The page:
Conclusions

Our findings justify the role of unprocessed A. vera gel homogenate in preventing tissue damage and in the downregulation of TNF-α and Cox-2 gene expressions for the immune-modulation of inflammatory arthritis condition.

Background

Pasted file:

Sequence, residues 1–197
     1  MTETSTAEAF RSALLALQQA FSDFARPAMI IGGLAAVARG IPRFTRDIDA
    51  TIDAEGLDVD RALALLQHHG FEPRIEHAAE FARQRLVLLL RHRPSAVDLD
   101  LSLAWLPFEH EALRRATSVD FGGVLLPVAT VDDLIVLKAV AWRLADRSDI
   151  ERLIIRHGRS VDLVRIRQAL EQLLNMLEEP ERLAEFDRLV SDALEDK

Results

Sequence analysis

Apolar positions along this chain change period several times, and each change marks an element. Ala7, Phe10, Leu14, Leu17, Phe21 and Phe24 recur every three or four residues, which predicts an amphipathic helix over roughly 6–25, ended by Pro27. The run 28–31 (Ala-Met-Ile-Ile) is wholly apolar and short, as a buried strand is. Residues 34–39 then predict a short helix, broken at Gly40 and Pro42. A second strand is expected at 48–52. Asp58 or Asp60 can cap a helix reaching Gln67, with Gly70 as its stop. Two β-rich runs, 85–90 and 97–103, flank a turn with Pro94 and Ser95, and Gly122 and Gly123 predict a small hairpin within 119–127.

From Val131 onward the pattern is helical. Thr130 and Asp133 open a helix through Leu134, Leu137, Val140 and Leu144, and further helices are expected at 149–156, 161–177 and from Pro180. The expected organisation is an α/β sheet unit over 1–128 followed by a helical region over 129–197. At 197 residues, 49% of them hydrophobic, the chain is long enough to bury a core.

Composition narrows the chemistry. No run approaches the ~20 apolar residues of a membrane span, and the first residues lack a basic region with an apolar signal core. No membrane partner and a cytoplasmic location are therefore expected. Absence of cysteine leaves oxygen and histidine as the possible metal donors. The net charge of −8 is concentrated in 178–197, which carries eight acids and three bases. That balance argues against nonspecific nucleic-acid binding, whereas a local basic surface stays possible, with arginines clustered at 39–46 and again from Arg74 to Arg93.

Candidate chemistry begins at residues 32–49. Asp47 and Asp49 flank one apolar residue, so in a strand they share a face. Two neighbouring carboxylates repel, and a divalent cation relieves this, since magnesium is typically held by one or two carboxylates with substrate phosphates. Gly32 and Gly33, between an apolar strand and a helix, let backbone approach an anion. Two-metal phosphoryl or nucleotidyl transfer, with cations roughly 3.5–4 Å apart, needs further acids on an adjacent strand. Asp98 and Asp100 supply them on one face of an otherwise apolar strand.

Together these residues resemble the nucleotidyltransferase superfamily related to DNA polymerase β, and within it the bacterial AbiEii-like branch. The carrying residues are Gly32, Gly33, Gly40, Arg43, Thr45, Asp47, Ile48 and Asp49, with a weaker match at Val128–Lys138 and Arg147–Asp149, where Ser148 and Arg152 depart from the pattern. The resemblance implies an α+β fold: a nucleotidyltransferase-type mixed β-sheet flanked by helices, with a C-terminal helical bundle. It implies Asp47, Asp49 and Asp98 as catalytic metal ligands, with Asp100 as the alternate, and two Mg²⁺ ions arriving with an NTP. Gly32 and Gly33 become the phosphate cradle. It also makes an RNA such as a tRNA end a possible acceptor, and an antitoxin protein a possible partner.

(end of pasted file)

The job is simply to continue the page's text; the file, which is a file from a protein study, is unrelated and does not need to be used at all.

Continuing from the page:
Inflammation is a common complex biological cascade of events that occurs in response to any kind of injuries, mechanical damage, infection, toxin exposure, or chemical irritation in the tissue. Inflammatory pathways lead to the protection of the body. However, prolonged inflammation can cause chronic disorders and extensive tissue damage. Depending on the duration of the inflammatory responses in the body, the inflammatory processes are commonly grouped into acute (short-duration) and chronic (long-duration) inflammation. During inflammation, immune cells release lysosomal contents that act as mediators of inflammation. These enzymes work non-specifically on the nearby cells and cause further damage by breaking their membranes. This process significantly increases the degree of inflammation [1]. The erythrocyte (RBC) membranes are considered as a model of the lysosomal membrane for their structural similarity [2]. It is expected that the drugs or products capable of preventing the rupture of the erythrocyte membrane experimentally would also protect the lysosomal membrane of the affected tissue in vivo resulting in the inhibition of inflammation. On the other hand, an increase in protein denaturation has been a hallmark of inflammation [3]. Drugs exhibiting the protein denaturation-inhibition in vitro are expected to elicit similar results in biological systems and would stabilize inflammation [4].